Goldman Sachs commodities unit made more than $3 billion in 2022, up from closer to $2 billion in the previous two years.
McKinsey has published a report on the future of commodity trading. The consultancy predicts shipping times will increase eight per cent, energy prices threefold, and interest costs sevenfold between 2020 and 2024. It expects working capital requirements for commodity trading to rise to $500 billion.
The FAO Food Price Index fell 0.8 per cent in January, the tenth consecutive monthly decline. With this latest decline, the index has fallen 17.9 per cent from its peak in March 2022.
However, global food supplies are still at risk, and shoppers worldwide will pay even more for groceries this year than in 2022. Nestlé, the world’s biggest food company, has already warned it will increase prices this year to offset higher production costs that it has yet to pass on to consumers.
Traders have accused Russia of purposefully slowing the pace of Ukrainian grain exports after January ship departures fell to their lowest since August. The deal expires in March, but Turkey, at least, expects it to be extended “for a longer period.”
Bunge reported an adjusted net income of $336 million for the fourth quarter, or $2.21 per share, up from $231 million or $1.52 per share in the previous year’s quarter. The fourth-quarter profits exceeded estimates as crush margins, and global crop demand bolstered its core agribusiness.
In an interview, Cargill’s new CEO warned against weaponising the global food chain. The company’s Brazilian unit announced a $240 million time deposit to fund ESG projects in the country. Meanwhile, the company closed its grain elevator in Portage, Indiana, but has completed its acquisition of Owensboro Grain Company, a soybean processing facility and refinery in Owensboro, Ky.
Mondelez has set aside 300 million euros to resolve an EU antitrust investigation into whether it blocked cross-border sales of its products in the EU in breach of competition rules.
Impossible Foods will cut about 20 per cent of its staff. The company currently employs about 700 workers.
Maersk reported Q4 profits (EBITDA) at $6.5 billion, bringing full-year 2022 profits to $36.84 billion. The company expects profits to fall to (what Bloomberg considers) more normal levels of between $8 billion and $11 billion in 2023.
Even so, Maersk believes that shipping lines must undergo a radical restructuring to survive, arguing that “The way that supply chains have operated over the last number of decades is no longer fit for purpose.”
The company added that container shipping volumes could fall by as much as 2.5 per cent this year. The company’s Asia-Pacific president said, “It wasn’t hard over the last twelve months to make money. If you had something that could float and could carry your container, that was not hard. Now, skills matter.”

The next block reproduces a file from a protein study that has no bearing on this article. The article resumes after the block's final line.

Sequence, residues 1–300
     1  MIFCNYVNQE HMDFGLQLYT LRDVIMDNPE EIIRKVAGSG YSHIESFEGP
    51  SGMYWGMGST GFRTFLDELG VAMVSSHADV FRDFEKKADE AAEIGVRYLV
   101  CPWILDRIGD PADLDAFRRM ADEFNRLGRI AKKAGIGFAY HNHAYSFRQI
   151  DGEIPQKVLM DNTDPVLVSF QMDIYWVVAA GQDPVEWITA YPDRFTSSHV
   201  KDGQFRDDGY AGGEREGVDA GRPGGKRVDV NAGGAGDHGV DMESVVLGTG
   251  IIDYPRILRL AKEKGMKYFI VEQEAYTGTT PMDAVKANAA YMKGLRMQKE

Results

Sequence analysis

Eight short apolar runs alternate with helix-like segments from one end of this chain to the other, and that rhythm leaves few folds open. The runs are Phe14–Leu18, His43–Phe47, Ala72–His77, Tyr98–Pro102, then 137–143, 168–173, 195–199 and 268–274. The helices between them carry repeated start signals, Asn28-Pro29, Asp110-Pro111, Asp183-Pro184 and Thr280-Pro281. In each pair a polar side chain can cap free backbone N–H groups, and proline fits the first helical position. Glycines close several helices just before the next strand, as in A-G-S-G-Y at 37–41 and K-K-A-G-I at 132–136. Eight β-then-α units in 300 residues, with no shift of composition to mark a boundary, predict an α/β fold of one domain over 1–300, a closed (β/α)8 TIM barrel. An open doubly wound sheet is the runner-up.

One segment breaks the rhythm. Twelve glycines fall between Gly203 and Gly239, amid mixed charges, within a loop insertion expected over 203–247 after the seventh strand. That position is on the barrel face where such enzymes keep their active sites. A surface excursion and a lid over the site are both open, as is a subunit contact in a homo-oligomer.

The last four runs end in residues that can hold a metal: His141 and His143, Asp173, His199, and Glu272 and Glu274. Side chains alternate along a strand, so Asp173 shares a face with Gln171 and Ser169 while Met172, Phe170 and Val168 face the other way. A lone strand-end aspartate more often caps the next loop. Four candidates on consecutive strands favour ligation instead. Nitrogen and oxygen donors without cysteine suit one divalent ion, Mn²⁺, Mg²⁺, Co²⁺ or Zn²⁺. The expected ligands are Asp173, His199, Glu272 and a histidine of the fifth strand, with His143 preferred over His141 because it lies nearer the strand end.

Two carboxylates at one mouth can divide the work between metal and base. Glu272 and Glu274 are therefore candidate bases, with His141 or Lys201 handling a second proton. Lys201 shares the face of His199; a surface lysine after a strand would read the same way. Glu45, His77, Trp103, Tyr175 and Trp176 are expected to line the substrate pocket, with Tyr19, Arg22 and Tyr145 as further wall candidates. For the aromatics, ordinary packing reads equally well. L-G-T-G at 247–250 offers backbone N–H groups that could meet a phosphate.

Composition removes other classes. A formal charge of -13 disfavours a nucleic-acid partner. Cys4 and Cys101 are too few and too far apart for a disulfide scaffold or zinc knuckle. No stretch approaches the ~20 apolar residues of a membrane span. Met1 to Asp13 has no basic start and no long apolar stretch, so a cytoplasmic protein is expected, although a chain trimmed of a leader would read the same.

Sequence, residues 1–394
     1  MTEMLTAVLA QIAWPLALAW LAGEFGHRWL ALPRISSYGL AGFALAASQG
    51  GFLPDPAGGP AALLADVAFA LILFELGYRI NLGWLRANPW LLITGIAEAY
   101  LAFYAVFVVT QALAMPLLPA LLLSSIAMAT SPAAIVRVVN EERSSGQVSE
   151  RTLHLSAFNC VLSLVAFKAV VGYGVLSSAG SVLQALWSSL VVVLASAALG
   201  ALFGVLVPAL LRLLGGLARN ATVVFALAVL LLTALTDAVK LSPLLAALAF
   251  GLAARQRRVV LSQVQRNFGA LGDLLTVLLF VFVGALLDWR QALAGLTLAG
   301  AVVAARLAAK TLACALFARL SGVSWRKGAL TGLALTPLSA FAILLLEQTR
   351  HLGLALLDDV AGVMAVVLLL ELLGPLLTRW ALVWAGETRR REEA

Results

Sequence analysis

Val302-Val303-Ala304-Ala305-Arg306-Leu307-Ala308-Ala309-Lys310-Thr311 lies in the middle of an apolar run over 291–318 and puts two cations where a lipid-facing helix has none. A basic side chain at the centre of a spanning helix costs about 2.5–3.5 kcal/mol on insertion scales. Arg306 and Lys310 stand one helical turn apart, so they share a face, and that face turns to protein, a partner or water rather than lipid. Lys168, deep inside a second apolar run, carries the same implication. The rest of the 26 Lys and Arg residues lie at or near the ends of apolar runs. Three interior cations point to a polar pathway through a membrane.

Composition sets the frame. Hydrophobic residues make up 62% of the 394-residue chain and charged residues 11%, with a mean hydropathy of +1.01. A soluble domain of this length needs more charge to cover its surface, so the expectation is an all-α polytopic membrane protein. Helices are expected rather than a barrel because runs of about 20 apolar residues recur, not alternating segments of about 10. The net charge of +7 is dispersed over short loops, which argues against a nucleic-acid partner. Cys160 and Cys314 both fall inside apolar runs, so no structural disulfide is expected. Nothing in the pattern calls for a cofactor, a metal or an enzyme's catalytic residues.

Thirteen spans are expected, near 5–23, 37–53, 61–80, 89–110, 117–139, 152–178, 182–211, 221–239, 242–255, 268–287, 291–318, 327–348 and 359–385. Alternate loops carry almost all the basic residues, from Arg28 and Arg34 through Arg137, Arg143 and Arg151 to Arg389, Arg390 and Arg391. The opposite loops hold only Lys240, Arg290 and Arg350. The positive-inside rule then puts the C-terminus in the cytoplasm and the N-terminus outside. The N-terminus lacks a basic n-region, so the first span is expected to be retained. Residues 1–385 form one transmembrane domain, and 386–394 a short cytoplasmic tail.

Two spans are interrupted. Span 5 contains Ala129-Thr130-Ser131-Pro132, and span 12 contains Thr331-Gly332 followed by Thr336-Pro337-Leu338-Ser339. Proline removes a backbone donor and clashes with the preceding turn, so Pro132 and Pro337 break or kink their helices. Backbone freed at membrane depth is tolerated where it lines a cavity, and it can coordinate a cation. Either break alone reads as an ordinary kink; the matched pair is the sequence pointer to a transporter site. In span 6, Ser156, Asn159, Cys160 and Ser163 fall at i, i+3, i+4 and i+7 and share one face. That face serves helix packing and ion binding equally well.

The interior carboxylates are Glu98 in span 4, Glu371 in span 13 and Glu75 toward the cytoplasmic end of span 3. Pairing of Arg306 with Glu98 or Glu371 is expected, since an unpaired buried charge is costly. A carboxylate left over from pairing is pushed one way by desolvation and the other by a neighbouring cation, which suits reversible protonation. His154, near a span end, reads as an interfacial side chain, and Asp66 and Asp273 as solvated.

The FT has an article on the limits to sail power on cargo vessels with sails reducing fuel consumption by only 8 per cent – not enough to justify the investment.
Methanol may be a better bet. CMA CGM has ordered a dozen methanol-fuelled containerships, increasing the number of such vessels in the French carrier’s order book to eighteen.
The EU has launched Cleverfood, an initiative it hopes will transform the bloc’s food systems.
Europe’s highest court has ruled that EU laws restricting the use of GM crops do not cover gene editing techniques that are used conventionally and have a long safety record. MIT believes that CRISPR could save crops from devastation by pests.
Going somewhat against the trend, French sugarbeet farmers drove their tractors into Paris to protest an EU ban on the neonicotinoid pesticide.
McKinsey argues that, contrary to what most of us thought, consumers will pay more for sustainable products. The 2023 Ethical Food Global Market Report agrees. It argues that the global ethical food market is growing at 8.9 per cent per year.
India increased its bet on biofuels (as opposed to EVs), rolling out petrol blended with 20 per cent ethanol in eleven states and union territories.
Neither Indonesia nor Malaysia is happy with EU legislation limiting imports of goods linked to deforestation, arguing that the measures will mostly hit small farmers unable to meet the burdensome cost of compliance. Vox writes that palm oil is not that bad (anymore). A view that the FT echoes.
CNN questions whether Arizona has enough water to grow all the pistachio trees that farmers have recently planted.
The New York Times reports that the Chinese are taking factory farming to the next level, with two 26-story buildings under construction on the banks of the Yangtze River. Meanwhile, Spain has become Europe’s largest pork meat producer. The country’s farmers slaughtered 58 million pigs in 2021, up 40 per cent from a decade earlier.
The Guardian argues that we must embrace fake meat to save the planet, but Bloomberg is as negative on lab-grown meat as they are on plant-based meat. Others disagree, arguing that plant-based foods are a small but growing category. But if meat is not your thing, what about plant-based salmon?
The Guardian also has a piece on how California’s farmers are turning cow manure (but not cow burps) into biogas. At the same time, Time Magazine explains why agricultural methane emissions are a challenging area to tackle. The Washington Post has a long read on New Zealand’s methane-emission plans.
Salon lists the crops that climate change will ruin: coffee, corn, wheat, rice, almonds, and citrus. (We will be in trouble if they are right.)
Agriculture continues to attract venture capital inflows, with Responsibility announcing new sustainable food strategies in Asia and South America.
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